Business

Port Orchard chamber gets a lesson in manners

Etiquette consultant Stephanie Horton said that good manners are even more important in tough economic times. - Courtesy Photo
Etiquette consultant Stephanie Horton said that good manners are even more important in tough economic times.
— image credit: Courtesy Photo

The multiple distractions in today’s business world coupled with the prevailing short attention span can cause people to forget their manners and therefore suffer a business disadvantage, according to a locally based etiquette consultant.

“The biggest mistake we make today is not giving people our full attention,” said Stephanie Horton, president of Top Dog Etiquette, which is based in Grapeview. “People are multitasking, and always looking at the other people in the room. They take a cell phone call or a text message, and don’t focus on the person they are talking to.”

Horton addressed the Port Orchard Chamber of Commerce at its Dec. 11 meeting.

Giving a business preference for the best behaved or most courteous person is nothing new, in many occupations style can be as important as substance. In tougher economic times it can be a deciding factor, so it is a good idea for everyone to brush up on their manners and think about ways they can increase their presentation in order to give them an edge.

Horton said this can be accomplished through a certain degree of self-improvement; visiting Web sites or just examining your own behavior.

She has, however, written and published a book, “Are Bad Manners Driving Your Clients Crazy,” which breaks down good behavior into digestible bites. With this quick read, people can get an idea what they are doing wrong and how they can fix it quickly — in time for their next job interview.

Aside from the listening tip, which is fairly obvious, Horton suggests that people always wear their name badge on their right side to make it easier to read while shaking hands, and to never wear perfume.

As for handshakes, they should be quick and firm.

And there should be no hugging.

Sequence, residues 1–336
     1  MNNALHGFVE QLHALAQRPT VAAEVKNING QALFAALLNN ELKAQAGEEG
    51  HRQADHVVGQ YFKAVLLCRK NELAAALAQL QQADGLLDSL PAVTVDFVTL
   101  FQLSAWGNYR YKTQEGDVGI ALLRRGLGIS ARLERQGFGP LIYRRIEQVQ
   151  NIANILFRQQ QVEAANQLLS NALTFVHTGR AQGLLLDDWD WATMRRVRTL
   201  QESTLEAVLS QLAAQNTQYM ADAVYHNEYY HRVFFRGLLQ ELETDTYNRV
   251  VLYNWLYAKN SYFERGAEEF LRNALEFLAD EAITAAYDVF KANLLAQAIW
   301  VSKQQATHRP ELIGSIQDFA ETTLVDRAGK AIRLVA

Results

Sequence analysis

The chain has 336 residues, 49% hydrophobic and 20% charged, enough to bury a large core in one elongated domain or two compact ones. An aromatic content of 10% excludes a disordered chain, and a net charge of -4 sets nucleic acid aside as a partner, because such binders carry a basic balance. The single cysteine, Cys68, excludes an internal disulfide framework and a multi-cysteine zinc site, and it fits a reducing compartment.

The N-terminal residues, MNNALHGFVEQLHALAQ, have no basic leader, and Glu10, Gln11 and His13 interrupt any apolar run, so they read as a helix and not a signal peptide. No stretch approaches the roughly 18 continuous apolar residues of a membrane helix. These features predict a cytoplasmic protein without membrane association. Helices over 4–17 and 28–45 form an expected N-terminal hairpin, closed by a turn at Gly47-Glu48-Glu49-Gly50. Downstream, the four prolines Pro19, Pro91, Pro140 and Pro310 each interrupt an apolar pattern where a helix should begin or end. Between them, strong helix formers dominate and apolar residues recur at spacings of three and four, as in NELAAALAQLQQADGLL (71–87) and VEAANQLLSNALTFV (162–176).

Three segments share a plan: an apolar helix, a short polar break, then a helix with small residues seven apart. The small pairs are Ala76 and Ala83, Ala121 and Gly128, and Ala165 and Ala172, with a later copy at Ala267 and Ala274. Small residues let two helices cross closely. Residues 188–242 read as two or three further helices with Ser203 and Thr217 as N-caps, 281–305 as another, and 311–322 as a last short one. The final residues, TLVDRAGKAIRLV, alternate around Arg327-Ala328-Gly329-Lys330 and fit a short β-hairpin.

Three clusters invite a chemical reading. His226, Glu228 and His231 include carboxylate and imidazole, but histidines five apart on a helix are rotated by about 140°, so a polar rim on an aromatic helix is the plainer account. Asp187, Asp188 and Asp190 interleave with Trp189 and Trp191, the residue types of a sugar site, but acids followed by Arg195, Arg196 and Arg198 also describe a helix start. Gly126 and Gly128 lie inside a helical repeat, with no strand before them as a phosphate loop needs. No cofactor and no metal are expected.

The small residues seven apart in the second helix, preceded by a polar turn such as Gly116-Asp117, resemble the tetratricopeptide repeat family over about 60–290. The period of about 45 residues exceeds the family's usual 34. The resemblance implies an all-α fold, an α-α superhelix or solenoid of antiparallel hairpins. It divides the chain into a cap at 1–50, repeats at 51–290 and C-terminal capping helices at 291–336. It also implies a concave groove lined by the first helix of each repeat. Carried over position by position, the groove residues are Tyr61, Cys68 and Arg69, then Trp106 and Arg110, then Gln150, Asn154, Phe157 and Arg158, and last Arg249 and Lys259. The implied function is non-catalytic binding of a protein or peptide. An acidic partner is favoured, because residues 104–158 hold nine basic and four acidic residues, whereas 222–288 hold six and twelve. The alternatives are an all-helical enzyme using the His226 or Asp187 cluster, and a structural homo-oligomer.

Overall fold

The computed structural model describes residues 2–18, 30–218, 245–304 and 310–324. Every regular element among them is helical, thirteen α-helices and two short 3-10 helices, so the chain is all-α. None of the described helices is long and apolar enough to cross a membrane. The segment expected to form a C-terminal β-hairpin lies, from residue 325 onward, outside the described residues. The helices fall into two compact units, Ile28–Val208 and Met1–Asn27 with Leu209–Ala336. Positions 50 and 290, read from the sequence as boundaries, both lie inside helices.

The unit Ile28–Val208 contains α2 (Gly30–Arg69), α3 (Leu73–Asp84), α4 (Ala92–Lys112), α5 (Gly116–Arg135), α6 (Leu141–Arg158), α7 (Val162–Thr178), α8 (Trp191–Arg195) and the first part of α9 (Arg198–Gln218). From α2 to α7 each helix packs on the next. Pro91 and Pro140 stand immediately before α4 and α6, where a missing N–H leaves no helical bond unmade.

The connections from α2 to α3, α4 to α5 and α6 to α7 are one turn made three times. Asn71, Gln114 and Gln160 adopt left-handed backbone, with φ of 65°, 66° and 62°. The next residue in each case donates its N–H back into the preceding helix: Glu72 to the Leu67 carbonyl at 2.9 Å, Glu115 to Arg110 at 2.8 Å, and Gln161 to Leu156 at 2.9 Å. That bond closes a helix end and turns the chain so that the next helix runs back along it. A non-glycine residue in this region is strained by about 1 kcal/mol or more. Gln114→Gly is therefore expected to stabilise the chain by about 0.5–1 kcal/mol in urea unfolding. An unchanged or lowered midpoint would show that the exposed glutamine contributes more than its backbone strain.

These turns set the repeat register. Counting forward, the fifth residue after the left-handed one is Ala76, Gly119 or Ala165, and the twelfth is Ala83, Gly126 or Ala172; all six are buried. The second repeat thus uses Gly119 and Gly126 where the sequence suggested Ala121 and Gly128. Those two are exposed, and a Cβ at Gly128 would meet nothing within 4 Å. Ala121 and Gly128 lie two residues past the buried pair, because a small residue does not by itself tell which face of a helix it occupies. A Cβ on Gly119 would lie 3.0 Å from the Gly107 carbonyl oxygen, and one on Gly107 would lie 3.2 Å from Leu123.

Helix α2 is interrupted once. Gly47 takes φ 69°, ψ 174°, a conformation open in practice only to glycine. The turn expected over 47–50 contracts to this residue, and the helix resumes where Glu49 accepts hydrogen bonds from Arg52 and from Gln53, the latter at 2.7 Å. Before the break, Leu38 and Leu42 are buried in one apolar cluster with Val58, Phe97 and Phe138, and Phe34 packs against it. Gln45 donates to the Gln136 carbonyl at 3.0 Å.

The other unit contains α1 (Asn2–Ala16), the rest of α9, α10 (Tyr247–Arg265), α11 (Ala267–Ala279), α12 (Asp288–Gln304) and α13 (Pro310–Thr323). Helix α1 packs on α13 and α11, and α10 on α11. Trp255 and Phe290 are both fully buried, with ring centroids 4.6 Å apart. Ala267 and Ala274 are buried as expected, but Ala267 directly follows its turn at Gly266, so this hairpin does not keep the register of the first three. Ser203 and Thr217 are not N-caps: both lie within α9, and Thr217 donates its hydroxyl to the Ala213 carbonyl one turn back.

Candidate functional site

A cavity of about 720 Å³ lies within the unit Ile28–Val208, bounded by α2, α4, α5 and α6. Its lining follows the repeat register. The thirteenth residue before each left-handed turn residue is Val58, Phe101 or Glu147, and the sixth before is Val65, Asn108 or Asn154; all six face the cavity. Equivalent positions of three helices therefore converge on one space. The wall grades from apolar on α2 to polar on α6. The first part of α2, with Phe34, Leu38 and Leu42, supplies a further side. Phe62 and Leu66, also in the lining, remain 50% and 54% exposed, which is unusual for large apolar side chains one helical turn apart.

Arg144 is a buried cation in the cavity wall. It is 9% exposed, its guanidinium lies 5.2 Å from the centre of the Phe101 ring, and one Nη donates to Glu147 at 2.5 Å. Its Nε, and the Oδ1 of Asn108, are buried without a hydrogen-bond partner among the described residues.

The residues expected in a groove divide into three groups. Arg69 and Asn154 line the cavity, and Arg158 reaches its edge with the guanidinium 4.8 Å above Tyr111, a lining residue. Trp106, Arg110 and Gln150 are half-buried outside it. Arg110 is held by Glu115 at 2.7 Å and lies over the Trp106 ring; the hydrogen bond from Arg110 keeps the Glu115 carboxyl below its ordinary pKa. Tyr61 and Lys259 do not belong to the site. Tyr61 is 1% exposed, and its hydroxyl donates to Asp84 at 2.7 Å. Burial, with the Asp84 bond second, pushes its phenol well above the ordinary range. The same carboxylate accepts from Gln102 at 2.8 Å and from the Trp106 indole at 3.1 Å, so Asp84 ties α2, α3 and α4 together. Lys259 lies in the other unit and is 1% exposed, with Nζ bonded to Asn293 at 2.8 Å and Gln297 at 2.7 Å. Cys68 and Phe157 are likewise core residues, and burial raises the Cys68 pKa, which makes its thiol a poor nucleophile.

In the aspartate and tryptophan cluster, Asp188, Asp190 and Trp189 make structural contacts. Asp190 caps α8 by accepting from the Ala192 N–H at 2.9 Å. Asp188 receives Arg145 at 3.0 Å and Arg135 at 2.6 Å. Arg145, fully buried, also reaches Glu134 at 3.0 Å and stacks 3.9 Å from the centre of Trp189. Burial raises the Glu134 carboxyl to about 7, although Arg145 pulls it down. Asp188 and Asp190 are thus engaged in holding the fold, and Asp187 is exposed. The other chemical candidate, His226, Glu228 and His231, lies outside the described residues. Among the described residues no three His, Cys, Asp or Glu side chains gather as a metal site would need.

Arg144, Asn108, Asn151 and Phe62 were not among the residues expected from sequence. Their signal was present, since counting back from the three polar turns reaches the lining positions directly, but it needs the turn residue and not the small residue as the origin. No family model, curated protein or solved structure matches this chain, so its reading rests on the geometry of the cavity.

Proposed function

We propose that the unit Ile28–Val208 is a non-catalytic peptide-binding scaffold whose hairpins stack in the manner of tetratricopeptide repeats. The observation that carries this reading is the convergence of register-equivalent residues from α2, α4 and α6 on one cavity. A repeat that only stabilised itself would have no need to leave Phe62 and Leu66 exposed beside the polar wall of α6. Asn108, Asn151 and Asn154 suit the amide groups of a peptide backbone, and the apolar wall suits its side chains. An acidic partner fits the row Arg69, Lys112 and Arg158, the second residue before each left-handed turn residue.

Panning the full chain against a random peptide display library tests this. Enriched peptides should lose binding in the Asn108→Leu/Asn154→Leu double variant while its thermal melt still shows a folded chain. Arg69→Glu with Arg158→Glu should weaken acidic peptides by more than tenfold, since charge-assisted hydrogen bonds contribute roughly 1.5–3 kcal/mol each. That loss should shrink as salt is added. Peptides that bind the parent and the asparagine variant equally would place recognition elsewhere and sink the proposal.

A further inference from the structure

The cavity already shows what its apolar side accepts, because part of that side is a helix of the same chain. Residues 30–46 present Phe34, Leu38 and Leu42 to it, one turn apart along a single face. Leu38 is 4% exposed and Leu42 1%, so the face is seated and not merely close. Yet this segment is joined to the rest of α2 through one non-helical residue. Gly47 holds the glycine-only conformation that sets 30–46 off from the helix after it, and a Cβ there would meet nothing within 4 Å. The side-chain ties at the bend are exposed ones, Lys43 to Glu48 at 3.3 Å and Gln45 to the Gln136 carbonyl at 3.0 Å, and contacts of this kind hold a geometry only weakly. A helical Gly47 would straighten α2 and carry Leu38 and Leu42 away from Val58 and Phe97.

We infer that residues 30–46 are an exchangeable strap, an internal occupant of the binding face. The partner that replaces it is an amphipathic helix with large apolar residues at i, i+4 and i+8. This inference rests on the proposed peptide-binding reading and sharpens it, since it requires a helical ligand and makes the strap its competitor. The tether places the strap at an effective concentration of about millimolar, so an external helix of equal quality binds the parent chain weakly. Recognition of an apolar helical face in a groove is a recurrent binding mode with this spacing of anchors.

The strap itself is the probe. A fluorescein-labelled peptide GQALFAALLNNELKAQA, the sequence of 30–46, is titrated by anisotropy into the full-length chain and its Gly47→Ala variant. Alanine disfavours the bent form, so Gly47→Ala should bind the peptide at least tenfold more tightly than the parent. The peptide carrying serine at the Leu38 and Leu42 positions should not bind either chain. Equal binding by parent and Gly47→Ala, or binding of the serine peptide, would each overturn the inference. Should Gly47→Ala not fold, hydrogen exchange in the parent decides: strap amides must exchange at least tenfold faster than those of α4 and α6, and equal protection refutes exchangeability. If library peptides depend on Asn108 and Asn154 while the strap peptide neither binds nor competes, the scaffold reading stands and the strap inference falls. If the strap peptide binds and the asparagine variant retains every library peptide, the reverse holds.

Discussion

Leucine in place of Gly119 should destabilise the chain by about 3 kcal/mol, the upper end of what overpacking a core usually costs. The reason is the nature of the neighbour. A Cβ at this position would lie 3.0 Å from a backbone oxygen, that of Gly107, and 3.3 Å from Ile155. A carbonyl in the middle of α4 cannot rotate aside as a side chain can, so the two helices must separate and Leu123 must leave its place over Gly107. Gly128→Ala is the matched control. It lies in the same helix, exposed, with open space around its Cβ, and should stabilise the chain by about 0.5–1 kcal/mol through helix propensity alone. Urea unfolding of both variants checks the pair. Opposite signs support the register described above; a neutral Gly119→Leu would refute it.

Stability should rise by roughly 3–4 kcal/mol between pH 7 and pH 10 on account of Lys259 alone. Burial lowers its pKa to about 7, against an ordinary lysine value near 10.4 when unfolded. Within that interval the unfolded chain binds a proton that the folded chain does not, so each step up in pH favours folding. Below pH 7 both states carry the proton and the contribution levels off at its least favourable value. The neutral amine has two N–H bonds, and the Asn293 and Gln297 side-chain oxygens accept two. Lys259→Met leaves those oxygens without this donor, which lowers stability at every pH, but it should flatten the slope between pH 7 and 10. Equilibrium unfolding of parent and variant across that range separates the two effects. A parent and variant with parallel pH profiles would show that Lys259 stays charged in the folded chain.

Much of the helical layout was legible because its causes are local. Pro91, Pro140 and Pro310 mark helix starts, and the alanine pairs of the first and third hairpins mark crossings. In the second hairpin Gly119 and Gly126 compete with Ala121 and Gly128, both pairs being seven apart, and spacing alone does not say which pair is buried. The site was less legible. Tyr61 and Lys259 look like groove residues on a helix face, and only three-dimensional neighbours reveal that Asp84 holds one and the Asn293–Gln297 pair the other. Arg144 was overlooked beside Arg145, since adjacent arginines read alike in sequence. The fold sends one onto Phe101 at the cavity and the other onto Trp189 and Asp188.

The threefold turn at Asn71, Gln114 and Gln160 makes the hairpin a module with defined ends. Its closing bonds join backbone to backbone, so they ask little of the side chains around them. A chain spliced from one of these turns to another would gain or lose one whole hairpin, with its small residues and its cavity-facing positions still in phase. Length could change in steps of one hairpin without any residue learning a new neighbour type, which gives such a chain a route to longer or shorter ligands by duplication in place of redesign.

“I don’t know why people insist on hugging when they meet people,” she said. “It shows no consideration for the person being hugged. What if they just had shoulder surgery? What if they don’t like being hugged? It sets a bad precedent for the next time they meet.”

Another guideline is to treat everyone politely, and consistently.

Giving a famous or “important” person better treatment embarrasses both the people you treat well, and those you treat less well.

Horton, 54, acknowledges that good manners are mostly common sense.

Still, people who are much younger than she haven’t been schooled in etiquette and have not developed such an instinct.

Manners instructions comes from your parents, who no longer have the time to attend to such details.

“It is common now for both parents to work,” she said. “They don’t have time to talk about these things. They don’t sit down and have dinner together, when they do eat they are in front of the TV. Or it is pizza, or tacos, or something that doesn’t require utensils. They don’t learn the art of conversation, and they don’t take the time to talk.”

As a result, people don’t know they are doing anything wrong or offensive. And this leads to another one of Horton’s cardinal rules: Don’t embarrass anyone.

If a colleague has an annoying habit it is worse to bring it up than to let it slide. As a result the colleague will be clueless, and lose out to someone who knows to have a firm handshake or not blow their nose in public.

So if a job candidate wears perfume or cologne to an interview, that fact will not be mentioned in the rejection letter.

Or if someone is involved in a long cell phone conversation in the restroom, they won’t have a clue about how that behavior lost them the job because their future boss was in the next stall.

Sometimes good manners won’t give an edge, a lesson that Horton has learned herself. While she has spent the past 10 years giving speeches and presentations, business has fallen.

As a result, she has taken a customer service job at Macy’s in Silverdale, where she observes how people interact — both good and bad.

“I needed to get a part time job that was flexible,” she said. “In tough economic times, training and consulting comes to a screeching halt.”

Horton counsels that business conversation should center around positive topics.

Medical ailments, however important, should be avoided. And staying positive, for most people, shouldn’t be too hard.

“Our culture is basically nice,” she said. “There is a level of kindness in our society, even if people don’t always know how to express it.”

To contact Horton go to www.topdogetiquette.com.

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